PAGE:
I had the pleasure of meeting so many strong,piring women. One lady runs a girl’s home by herself, as well as a school and feeding home, while her husband is content to support her and let her shine. This is pretty unconventional for Indian culture, but was so obviously what this woman had been put on this earth to do. Another woman suddenly became a widow in charge of a school of 120 children, but shoulders the responsibility so gracefully every day, donating her pension towards whatever the children need and keeping virtually nothing for herself. The thing I found most inspiring of all while there, was that these children have been through so much, but they don’t hang on to it. So many of us as adults have a dark cloud hanging over us for the hard times we’ve been through in life, and let it cause sadness or anger, but these children have learned how to forgive and find true happiness. I know you’re thinking, “Oh just wait until they’re older, kids are resilient. Their issues will start coming out once they’re old enough to understand.” Many of these kids are through their teens, though, and in to their 20’s, which I would argue is definitely old enough to understand.

The thing I found most inspiring of all while there, was that these children have been through so much, but they don’t hang on to it.

People say you can’t go home the same person after a mission trip, and it’s true. After seeing how people live, walking by literal “tent” cities made of sticks and ripped blankets with no toilets or drinking water. If it weren’t for the feeding homes who supply the children with their only meal of the day, those children wouldn’t eat. The people who run the feeding homes don’t get paid to do it. I saw the nomadic tribes who make a living off picking garbage and are considered “untouchable” by the rest of society. They live in the garbage they pick, and the children play in it, with no future or hope for a different life because society won’t let them in. But what I didn’t expect was to have the kids I met teach me so much. They’re still so happy despite what they’ve been through. Indian culture is so warm, thoughtful, and respectful. The men are constantly offering you things to make sure you’re comfortable, clearing your plates for you or offering you more food. If someone arrives late to a meeting, the meeting stops to greet that person instead of being upset with them for being tardy. I learned to really appreciate what I have instead of letting it be a point of stress or a chore when I have to maintain it. I learned that people are the way they are because of something they’ve been through, so if someone is acting out not to judge them for it. I learned patience, humility, and to find happiness in the smallest things. So, if you say to me “I’ve been considering doing a mission trip,” my response will always be that everyone should experience it at least once, because your outlook on life will be changed for the better.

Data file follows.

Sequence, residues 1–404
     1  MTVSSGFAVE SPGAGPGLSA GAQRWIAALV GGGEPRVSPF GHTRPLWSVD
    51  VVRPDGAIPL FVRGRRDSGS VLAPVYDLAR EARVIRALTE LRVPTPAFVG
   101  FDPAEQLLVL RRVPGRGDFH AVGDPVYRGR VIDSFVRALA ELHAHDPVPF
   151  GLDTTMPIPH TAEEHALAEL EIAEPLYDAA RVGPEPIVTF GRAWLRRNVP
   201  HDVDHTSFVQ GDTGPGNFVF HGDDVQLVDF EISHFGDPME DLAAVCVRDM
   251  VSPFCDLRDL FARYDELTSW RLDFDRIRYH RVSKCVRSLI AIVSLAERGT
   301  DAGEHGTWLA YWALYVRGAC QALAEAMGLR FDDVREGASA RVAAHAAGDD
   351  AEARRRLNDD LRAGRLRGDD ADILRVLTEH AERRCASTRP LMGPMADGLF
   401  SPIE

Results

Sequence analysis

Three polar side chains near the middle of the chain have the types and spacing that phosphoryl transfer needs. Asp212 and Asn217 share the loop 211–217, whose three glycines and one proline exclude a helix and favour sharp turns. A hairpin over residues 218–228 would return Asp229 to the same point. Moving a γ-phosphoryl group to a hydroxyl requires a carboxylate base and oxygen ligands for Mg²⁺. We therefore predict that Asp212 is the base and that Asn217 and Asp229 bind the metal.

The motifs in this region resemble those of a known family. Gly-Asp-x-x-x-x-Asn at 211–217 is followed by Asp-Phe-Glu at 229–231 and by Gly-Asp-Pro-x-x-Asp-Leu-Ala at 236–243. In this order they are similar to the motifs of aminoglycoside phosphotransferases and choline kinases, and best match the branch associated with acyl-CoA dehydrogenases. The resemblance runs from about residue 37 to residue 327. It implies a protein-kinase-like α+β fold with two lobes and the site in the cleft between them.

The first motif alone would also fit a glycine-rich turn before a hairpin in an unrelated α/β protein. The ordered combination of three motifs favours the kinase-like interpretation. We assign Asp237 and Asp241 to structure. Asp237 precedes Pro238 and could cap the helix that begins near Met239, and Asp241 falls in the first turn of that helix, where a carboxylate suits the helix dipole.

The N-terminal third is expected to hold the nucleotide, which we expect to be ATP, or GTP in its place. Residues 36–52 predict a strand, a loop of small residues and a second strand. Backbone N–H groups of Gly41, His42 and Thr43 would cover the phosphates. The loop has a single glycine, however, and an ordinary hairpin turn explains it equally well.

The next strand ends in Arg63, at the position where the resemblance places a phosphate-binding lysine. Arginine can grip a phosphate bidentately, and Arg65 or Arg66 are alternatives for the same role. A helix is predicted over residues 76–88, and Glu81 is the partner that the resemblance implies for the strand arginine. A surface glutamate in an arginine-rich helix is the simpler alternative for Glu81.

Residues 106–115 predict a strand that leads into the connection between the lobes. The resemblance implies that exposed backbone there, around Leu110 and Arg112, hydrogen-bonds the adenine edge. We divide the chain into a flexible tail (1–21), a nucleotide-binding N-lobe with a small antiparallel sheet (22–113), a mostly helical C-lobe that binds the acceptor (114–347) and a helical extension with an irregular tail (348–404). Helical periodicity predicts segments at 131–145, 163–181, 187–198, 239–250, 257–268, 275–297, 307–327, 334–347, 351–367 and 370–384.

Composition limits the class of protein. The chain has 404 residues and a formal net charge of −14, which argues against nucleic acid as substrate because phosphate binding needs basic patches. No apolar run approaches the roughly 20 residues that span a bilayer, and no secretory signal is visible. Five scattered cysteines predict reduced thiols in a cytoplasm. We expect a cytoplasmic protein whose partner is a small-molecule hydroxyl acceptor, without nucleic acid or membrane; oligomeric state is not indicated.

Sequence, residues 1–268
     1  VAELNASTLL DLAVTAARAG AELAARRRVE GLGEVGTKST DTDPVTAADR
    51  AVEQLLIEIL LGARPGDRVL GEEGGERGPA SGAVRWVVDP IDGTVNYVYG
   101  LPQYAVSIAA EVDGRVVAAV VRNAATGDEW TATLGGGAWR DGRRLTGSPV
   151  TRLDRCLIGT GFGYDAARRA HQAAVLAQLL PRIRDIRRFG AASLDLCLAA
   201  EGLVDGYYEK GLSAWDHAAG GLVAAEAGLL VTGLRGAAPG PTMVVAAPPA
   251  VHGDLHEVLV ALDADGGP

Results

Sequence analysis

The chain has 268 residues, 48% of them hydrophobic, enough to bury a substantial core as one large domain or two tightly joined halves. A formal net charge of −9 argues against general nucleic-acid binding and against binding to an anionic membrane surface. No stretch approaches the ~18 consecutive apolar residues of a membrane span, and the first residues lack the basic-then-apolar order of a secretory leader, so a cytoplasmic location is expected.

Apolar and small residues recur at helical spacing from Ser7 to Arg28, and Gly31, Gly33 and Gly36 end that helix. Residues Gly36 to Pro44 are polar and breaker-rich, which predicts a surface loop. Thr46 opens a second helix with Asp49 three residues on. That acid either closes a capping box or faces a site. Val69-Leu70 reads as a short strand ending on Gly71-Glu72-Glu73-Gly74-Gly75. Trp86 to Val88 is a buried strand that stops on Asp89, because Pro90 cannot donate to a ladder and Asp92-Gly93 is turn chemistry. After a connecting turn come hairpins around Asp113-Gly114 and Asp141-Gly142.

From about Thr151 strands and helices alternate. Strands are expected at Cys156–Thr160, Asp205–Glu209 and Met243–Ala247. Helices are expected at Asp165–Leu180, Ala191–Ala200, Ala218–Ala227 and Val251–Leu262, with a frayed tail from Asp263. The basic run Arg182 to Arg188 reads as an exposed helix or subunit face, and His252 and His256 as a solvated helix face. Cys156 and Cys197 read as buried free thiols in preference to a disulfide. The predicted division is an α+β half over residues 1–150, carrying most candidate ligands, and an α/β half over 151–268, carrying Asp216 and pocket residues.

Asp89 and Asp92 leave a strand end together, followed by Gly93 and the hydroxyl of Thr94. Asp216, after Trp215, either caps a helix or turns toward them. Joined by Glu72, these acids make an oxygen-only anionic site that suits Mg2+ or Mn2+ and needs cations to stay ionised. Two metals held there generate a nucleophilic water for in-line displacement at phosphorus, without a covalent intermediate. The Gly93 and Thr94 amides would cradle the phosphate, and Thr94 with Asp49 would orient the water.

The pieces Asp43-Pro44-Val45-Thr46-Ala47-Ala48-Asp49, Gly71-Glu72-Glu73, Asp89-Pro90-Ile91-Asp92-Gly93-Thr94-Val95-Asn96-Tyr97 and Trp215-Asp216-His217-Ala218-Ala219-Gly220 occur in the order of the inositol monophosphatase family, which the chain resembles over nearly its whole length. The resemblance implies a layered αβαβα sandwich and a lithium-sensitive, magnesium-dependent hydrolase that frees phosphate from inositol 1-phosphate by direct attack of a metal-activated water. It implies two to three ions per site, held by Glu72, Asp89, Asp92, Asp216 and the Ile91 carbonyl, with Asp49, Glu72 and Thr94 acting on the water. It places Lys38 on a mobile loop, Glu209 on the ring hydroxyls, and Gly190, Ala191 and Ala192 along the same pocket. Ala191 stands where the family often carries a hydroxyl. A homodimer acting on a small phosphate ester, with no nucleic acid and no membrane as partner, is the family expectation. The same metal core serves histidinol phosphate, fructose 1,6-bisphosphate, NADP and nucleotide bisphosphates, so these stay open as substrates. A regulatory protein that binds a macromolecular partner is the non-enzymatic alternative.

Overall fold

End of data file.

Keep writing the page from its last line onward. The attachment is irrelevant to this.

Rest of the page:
Author

Lindsay Webster, Competitive OCR, Mountain biker, xc skiier & runner.

Lindsay is a pioneer in the female OCR world, and her own life. She left the stability of a regular income to take a chance on something she wasn’t even sure she would be good at. The result? She’s the happiest she’s ever been.